Irene Elizabeth Stroud, Department of Religion
My project investigates American Protestant politics of reproduction around the turn of the twentieth century, through the career of Episcopal reformer Kate Waller Barrett. Barrett was the founder of the National Florence Crittenton Mission, a chain of maternity homes for unwed mothers. The Crittenton homes originated as missions to urban prostitutes, encouraging them to leave prostitution and find redemption in “respectable” employment and motherhood, and only evolved into homes for pregnant, middle-class teenagers (often coercing them to relinquish their children for adoption) later in the twentieth century. Barrett’s leadership of the mission, documented in papers held at the University of Minnesota, illustrates the spirit of disciplining the poor that was often at work in turn-of-the century elite feminism, and also provides an example of the influence of eugenics on Progressive social reform movements.

AMS Graduate Student Salon
Friday, February 7, 2014
102 Jones Hall

Richard Anderson, Department of HistoryMy project examines the postindustrial transformation of Chicago’s political economy and urban landscape between the mid-1950s and early 1980s. Drawing on a range of archival sources–including the papers of former Mayor Richard J. Daley, municipal records, and the collections of various civic and neighborhood organizations–I will examine how the Daley Machine responded to local manifestations of national trends like factory flight, internal migration, and the African American freedom struggle. I hope to demonstrate that Daley’s Democratic machine–so often portrayed as the quintessence of parochial, ward-heeler politics–established the physical infrastructure and ideological foundation for Chicago to become a neoliberal “global city” of specialized corporate services, high-tech industries, medical research and education, and entertainment and tourism. I will track both top-down and bottom-up vectors of power–asking how businesses, public institutions, civic groups, labor unions, neighborhood associations, and radical activists alternately acquiesced to and challenged the Daley Machine’s prescription for the maladies of deindustrialization and racial conflict. The consequences of these seismic economic and social changes impacted the city unevenly across race and class; however, I will argue that Chicago’s cosmopolitan, white-collar, gentrified districts and its underserved, politically isolated, peripheral spaces were mutually constitutive.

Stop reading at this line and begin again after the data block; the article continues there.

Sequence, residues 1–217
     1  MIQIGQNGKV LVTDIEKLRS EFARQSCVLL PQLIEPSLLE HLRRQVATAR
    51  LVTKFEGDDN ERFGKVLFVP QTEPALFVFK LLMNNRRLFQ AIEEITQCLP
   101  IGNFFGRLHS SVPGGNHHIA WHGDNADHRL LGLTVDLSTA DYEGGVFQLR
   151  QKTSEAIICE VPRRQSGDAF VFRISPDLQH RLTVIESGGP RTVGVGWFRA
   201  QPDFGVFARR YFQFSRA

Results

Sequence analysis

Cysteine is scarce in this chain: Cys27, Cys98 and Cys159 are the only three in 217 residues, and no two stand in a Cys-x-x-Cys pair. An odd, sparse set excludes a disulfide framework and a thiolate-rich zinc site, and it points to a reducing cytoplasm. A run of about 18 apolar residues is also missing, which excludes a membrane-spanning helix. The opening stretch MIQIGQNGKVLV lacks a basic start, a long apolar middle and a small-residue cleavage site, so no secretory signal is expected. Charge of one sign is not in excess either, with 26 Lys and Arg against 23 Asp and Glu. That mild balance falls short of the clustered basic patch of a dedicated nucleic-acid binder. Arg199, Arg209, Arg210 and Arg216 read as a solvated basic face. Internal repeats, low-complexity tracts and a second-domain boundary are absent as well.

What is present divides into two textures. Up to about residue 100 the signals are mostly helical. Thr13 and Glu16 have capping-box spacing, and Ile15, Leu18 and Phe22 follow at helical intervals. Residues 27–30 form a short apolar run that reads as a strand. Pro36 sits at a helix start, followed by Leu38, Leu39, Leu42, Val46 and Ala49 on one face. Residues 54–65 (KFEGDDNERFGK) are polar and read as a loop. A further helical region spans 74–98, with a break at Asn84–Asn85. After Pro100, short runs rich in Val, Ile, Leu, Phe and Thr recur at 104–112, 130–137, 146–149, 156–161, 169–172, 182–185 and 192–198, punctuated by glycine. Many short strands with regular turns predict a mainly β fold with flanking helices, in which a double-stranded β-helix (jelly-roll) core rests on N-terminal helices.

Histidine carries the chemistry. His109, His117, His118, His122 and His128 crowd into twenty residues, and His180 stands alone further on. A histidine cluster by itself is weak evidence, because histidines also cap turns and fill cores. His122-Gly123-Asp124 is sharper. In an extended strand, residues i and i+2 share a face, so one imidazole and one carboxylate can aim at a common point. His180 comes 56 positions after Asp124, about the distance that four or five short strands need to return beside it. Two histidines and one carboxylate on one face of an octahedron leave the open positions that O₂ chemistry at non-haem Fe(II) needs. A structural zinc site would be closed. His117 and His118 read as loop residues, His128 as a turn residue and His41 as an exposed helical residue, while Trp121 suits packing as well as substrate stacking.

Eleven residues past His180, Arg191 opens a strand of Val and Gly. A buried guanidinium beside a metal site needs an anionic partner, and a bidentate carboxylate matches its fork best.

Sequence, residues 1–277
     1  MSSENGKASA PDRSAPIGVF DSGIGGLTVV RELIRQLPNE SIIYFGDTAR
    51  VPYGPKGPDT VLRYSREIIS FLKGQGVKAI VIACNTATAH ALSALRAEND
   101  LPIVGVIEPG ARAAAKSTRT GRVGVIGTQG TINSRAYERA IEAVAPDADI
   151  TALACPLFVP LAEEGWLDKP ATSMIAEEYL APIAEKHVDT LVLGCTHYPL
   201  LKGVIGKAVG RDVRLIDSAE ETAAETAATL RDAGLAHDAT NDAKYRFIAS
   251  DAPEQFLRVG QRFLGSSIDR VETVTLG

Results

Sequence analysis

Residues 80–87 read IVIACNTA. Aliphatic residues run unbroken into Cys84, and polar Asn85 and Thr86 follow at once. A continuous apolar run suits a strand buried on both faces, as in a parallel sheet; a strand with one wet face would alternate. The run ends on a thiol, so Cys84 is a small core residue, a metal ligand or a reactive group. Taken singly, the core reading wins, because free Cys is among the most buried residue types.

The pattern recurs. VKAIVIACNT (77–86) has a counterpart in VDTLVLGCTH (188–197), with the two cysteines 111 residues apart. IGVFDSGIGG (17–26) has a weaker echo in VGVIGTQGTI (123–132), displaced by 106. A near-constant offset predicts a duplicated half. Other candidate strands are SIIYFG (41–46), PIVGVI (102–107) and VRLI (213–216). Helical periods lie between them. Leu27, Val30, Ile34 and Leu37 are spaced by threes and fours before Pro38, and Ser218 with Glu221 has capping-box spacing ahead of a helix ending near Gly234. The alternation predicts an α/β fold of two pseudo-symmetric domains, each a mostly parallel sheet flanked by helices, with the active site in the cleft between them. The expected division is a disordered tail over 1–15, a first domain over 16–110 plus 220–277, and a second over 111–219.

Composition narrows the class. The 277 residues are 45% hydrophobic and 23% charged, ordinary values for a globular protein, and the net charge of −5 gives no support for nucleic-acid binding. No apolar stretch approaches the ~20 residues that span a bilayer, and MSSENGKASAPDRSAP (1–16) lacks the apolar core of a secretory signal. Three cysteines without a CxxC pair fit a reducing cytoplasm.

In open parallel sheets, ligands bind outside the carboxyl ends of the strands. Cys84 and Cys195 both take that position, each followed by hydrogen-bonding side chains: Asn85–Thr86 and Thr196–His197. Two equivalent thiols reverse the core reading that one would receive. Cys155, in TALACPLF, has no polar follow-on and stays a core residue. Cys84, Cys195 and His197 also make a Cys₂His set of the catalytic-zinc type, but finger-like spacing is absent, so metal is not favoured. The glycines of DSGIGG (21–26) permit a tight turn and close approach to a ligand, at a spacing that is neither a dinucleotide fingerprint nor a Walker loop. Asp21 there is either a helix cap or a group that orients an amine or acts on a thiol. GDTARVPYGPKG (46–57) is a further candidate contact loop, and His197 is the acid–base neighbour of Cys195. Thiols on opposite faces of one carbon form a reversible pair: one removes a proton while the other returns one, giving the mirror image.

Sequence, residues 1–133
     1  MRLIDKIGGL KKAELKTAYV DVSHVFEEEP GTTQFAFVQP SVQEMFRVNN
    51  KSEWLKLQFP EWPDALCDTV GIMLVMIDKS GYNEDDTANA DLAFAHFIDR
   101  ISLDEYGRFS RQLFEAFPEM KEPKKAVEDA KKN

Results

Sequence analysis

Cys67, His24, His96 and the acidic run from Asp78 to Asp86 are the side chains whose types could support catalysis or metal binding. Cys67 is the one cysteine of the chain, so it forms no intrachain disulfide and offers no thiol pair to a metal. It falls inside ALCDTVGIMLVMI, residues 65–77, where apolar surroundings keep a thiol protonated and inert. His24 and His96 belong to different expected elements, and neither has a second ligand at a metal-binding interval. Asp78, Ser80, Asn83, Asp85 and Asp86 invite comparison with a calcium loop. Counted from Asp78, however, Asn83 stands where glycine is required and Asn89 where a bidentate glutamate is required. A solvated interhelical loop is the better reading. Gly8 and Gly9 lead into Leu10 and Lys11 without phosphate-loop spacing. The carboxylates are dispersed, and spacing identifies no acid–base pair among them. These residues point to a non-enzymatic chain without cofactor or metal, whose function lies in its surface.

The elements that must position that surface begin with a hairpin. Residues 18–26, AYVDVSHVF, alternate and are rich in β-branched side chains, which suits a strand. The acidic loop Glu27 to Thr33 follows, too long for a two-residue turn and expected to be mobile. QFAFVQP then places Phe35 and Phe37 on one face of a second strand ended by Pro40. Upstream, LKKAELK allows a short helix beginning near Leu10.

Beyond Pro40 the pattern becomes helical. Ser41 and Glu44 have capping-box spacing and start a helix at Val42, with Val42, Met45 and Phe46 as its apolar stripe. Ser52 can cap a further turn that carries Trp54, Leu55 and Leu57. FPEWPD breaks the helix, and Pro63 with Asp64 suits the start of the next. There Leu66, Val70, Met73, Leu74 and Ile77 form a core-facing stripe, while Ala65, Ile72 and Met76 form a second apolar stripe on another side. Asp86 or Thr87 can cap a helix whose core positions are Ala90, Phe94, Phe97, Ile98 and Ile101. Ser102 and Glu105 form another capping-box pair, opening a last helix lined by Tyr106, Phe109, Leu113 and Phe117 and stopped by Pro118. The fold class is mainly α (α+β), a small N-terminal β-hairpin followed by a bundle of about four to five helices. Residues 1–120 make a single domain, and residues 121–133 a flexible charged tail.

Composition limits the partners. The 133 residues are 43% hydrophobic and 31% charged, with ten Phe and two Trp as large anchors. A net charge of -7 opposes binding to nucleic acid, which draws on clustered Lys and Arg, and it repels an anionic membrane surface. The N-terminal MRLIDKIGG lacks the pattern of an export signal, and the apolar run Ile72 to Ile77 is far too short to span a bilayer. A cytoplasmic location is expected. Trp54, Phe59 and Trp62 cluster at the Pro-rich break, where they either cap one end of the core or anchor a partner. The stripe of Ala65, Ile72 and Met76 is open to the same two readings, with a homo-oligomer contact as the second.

Henry Cowles, Department of History of Science.  My dissertation—“A Method Only: The Evolving Meaning of Science in the United States, 1859-1929"—argues that the rise of the human sciences in the Gilded Age and Progressive Era precipitated a shift in the understanding of science itself. I show how, just as evolutionary theory was brought to bear on questions of human nature, the scientific process came to be seen as both a product of human evolution and a process analogous to natural selection. This view, I argue, helped naturalize the emerging “experimental ideal” and paved the way for a new, instrumental understanding of science and its method that gained extraordinary power across the twentieth century. Based in archives in both England and the United States, my work shows how science became human—and how, just as quickly, it came to be seen as beyond the grasp of all but a chosen few.